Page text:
I just received the May issue of Genetics in Medicine, only 24 days late. But it caught my attention for several reasons.
Monday, May 24, 2010
1. The issue is covering Adult Topics almost exclusively this month
Granted this article was a single author MBA, it was notable at the work she must have put in to this review.
1st she did an extensive analysis of the service 23andMe, Navigenics, deCodeMe, Gene Essence. She assembled the 20 multigenically evaluated conditions, reviewed website data, and deep dove into the studies, average pop lifetime risk, loci, genes, SNPs, Quant risk assessment, and methodologies.
That sounds very similar to what the FDA is requesting to do. In their case with non publically available data as well.
2nd she did a complete locus analysis which is available here.
213 conditions covered by DTCG companies, with only 9 conditions covered by all identified companies. 15 addition covered by 4/5 companies.
Lifetime average risk values of the same populations.
It turns out that the companies provide different life time risks for the same disease in the same populations.
This is not a big deal to me if you wiggle 2-4 points. But some vary widely
Glaucoma 1% in Navigenics while it is 15 for deCodeme
Heart attack 42% for Navigenics and 21% for 23andMe in Men
Heart attack in women 25% in Navigenics while it is 7% at 23andMe
DVT 3 percent for Navigenics 12% for 23andMe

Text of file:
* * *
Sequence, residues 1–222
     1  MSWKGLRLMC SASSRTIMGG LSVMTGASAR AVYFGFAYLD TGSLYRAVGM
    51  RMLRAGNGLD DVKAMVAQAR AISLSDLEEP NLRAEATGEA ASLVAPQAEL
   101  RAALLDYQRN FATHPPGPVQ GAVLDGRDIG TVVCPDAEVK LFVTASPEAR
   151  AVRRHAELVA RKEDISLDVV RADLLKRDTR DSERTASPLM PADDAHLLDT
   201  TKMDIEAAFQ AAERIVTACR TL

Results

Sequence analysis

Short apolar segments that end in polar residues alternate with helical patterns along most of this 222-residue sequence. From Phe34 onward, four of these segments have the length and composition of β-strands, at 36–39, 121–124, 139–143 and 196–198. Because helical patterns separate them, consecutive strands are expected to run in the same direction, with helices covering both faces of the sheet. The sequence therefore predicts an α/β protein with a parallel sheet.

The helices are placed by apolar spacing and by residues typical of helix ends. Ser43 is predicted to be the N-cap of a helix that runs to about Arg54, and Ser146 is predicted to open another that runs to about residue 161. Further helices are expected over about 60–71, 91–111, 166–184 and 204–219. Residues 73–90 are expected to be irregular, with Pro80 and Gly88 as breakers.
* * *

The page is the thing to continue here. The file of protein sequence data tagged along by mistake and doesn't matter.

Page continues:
23andMe does not provide references for their lifetime risk data.
Heterogeneous SNPs and Loci Assessed
No big surprise here, it turns out each company has their own way to make a Big Mac, each has their own special sauce and pickles/onions and even their own sesame seed bun. Thus you get different SNP risks given to customers.
A total of 224 loci are covered 401 SNPs for the 20 multigenic conditions. Of the 224 loci, 115 are only covered by one company. 63 are reviewed by only 2 companies.
For 12 conditions covered by all 4 companies, only 9 SNPs were covered by all. These 9 SNPs represent ONLY 3% of the total SNPs covered by all 4 companies and 18% of all loci covered.
Heterogeneous quantitative risk assessment
Once again, different risk assessment methods rule the day at these companies. Just like if I were to use Reynold Risk instead of Framingham risk but at least I have some data to base my conclusion. We have none of that with the DTC company risk models......
On Saturday I had a pissing contest with Thomas Goetz of Wired Magazine and his book called The Decision Tree,
He kept saying, It's My data. I kept saying. Fine, but the interpretation needs to be regulated.
I think we have a very decent reason why right here.
When you get a cholesterol of a blood pressure reading in the United States, you would hope the interpretation you receive is standardized in some way.
Further you hope at least the person giving you the interpretation of that data has some sort of licensing to assure quality and accuracy.
Unfortunately in this field there are many, many unknowns. This makes the risk prediction even less accurate. So it is no surprise these companies have widely variable assessments. But what does trouble me more, is the fact that they seem to not have done their homework with average lifetime risk populations.
That seems like they should be at least on the same page with this information. And why 23andMe has not listed reference articles for their quoted population risk is beyond me.
The Sherpa Says: Doctors go to medical school for 4 years, then go onto residency for 4-8 years and some do fellowship for another 2-5 years. And then we give risk assessment and diagnose and treat. Why do people forget that? Oh and we first operate under the principle of First Do No Harm. What doesn't Mr Goetz get about that?
Posted by Steve Murphy MD at 5:11 AM